|Solsona et al. ||Mitomycin C||64 (53)||57 (47)||121||7.8|
|Tolley et al. ||Mitomycin C||157 (51)||149 (49)||306||7|
|Okamura et al. ||Doxorubicin||79 (49)||81 (51)||160||3.4|
|Total||904 (51)||872 (49)||1776||–|
|Sylvester et al.†||Cytotoxic agent||748 (51)||728 (49)||1476||–|
Table 2[6–14] shows the oncological characteristics of the tumours at study entry. In all, >70% of patients presented with single and primary tumours. Moreover, the tumours were almost all low stage and low grade. The rate of Ta tumours was 71–74% and the rate of G1–2 tumours was >90%.
|Report||Agent used||Tumour type: primary/recurrent (% primary)||Number of tumours: single/multiple (% single)||Tumour stage, n (%)||Tumour grade, n (%)|
|Gudjonsson et al. ||Epirubicin||55/47 (54)||45/55 (45)||83 (89)||10||55 (58)||40||–|
|Control||60/57 (51)||54/62 (47)||101 (93)||8||57 (52)||52||–|
|Rajala et al. ||Epirubicin||68/–||52/16 (77)||54 (79)||14||34 (50)||25 (37)||9|
|Control||66/–||47/19 (71)||55 (83)||11||38 (58)||21 (31)||7|
|Berrum-Svennung et al. ||Epirubicin||78/77 (50)||87/68 (56)||132 (94)||8||140||–|
|Control||75/77 (49)||93/59 (61)||125 (91)||12||137||–|
|Ali-el-Dein et al. ||Epirubicin||29/26 (53)||34/21 (62)||9 (16)||46||6 (10)||30 (55)||19 (35)|
|Control||31/24 (57)||35/19 (65)||10 (19)||44||14 (26)||29 (54)||11 (20)|
|Oosterlinck et al. ||Epirubicin||162/43 (79)||205/–||145 (71)||60||78 (39)||98 (49)||24|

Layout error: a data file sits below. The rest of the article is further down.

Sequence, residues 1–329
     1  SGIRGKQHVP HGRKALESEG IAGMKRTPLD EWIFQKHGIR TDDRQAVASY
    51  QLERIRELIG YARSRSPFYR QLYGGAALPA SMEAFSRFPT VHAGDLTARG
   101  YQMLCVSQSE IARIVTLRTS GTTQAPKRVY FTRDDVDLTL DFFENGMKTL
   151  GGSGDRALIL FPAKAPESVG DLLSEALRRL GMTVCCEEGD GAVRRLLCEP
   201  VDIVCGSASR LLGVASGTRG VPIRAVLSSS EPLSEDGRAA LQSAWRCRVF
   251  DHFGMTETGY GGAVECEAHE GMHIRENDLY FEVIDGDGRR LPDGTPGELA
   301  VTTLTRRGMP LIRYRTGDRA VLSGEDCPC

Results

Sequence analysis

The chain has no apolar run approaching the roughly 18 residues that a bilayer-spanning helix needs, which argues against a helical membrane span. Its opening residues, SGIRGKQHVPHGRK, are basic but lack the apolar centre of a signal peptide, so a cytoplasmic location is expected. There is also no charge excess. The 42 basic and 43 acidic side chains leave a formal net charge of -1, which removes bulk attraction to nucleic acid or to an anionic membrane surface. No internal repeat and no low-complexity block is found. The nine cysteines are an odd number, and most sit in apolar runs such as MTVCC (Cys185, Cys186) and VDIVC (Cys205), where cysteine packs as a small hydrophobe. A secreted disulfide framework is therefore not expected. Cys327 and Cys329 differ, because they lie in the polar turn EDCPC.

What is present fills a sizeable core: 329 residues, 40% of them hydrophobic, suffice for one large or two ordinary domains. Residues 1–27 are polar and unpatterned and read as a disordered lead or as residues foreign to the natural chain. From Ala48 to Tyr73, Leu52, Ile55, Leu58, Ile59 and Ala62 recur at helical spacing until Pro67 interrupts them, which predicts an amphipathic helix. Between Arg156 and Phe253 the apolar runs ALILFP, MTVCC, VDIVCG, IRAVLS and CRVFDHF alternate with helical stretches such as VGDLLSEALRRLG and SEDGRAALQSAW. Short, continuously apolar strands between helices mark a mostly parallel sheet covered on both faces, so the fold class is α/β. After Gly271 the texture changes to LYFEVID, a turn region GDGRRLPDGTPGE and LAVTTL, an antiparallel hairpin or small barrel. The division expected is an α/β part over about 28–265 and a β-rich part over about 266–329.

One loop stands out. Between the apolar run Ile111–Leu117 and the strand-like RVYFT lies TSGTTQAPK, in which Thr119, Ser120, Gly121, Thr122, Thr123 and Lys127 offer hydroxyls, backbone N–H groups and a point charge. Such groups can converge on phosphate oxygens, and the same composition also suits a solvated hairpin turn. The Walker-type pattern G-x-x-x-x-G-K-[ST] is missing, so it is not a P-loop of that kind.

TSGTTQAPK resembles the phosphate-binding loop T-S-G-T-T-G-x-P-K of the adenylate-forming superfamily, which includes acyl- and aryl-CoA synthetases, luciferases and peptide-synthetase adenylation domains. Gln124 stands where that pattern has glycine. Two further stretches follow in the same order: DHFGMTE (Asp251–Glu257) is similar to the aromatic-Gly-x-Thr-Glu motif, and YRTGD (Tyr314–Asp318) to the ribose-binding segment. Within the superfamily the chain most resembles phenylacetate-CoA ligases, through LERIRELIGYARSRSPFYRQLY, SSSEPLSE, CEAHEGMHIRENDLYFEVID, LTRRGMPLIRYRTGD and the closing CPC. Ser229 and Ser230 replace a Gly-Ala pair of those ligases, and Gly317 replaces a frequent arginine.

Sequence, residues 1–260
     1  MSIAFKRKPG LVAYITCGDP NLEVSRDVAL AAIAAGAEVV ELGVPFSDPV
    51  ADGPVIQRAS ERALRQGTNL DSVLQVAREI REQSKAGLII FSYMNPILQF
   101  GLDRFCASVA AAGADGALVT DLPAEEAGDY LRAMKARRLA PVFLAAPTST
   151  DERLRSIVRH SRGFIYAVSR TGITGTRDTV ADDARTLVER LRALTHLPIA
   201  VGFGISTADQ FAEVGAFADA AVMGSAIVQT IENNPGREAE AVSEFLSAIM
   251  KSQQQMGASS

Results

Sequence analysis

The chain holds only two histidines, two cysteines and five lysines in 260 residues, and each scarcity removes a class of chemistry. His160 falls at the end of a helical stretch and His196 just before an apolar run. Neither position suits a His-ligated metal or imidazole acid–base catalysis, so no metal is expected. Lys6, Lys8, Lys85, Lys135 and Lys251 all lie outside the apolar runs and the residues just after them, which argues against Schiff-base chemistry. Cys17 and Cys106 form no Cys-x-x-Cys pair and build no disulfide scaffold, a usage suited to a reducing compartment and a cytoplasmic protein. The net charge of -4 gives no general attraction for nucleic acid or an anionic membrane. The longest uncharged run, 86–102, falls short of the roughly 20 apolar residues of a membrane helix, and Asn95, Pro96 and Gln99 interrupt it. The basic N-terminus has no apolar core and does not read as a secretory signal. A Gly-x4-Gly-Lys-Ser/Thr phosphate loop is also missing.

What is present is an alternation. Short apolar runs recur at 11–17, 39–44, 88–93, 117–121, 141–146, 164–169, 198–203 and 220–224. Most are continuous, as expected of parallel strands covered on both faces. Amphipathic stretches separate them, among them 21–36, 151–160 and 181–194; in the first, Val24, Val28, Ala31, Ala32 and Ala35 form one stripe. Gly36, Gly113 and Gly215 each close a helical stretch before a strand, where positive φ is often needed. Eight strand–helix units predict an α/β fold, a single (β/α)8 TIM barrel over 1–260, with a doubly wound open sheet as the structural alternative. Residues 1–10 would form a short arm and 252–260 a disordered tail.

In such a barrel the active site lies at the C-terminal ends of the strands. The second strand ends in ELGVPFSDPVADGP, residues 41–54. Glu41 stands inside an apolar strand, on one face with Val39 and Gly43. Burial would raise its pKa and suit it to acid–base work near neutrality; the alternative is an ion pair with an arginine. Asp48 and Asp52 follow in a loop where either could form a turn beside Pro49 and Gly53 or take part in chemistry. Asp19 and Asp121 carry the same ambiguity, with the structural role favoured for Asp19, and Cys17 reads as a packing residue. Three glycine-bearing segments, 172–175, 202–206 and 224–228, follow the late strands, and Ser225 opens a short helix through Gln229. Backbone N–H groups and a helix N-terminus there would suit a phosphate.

|Control||166/49 (77)||215/–||165 (77)||49||109 (51)||88 (42)||15|
|Solsona et al. ||Mitomycin C||6/51 (11)||57/–||28 (49)||29||30 (53)||27 (47)||–|
|Control||8/56 (13)||64/–||31 (48)||33||33 (58)||31 (42)||–|
|Tolley et al. ||Mitomycin C||149/–||119/30 (80)||75 (51)||72||55 (37)||77 (52)||15|
|Control||157/–||111/46||88 (57)||67||71 (45)||73 (47)||13|
|Okamura et al. ||Doxorubicin||75/6 (93)||75/6 (93)||77 (96)||4||41 (51)||38 (47)||2|
|Control||77/2 (98)||77/2 (98)||74 (94)||5||36 (46)||39 (49)||4|
|Total||Cytotoxic agent||622/231 (73)||674/196 (78)||603 (71)||243||299 (43)||335 (48)||69|
|Control||640/265 (71)||696/207 (77)||649 (74)||229||358 (48)||333 (45)||50|
|Sylvester et al.†||Cytotoxic agent||660/81 (89)||630/111 (85)||479 (66)||248||326 (45)||324 (44)||83|
|Control||683/82 (89)||639/126 (84)||525 (70)||227||381 (50)||320 (42)||59|
The recurrence rate in the group of patients who underwent TURBT followed by chemotherapeutic agent instillation was in all studies significantly lower than in the group of patients who only had TURBT, with rates of 24–62% and 48–77%, respectively (Table 3) [6–14]. However, there were no significant differences in recurrence rates in patients who presented with multiple tumours. As the rate of high-grade tumours was negligibly small, the influence of a single instillation on the recurrence rate (or progression) could not be accurately assessed. Only a few trials published data concerning tumour progression, which was reported to be extremely low.
|Report||Agent used||Progression rate, n (%)||Recurrence rate, n (%)||Recurrence rate N (%)|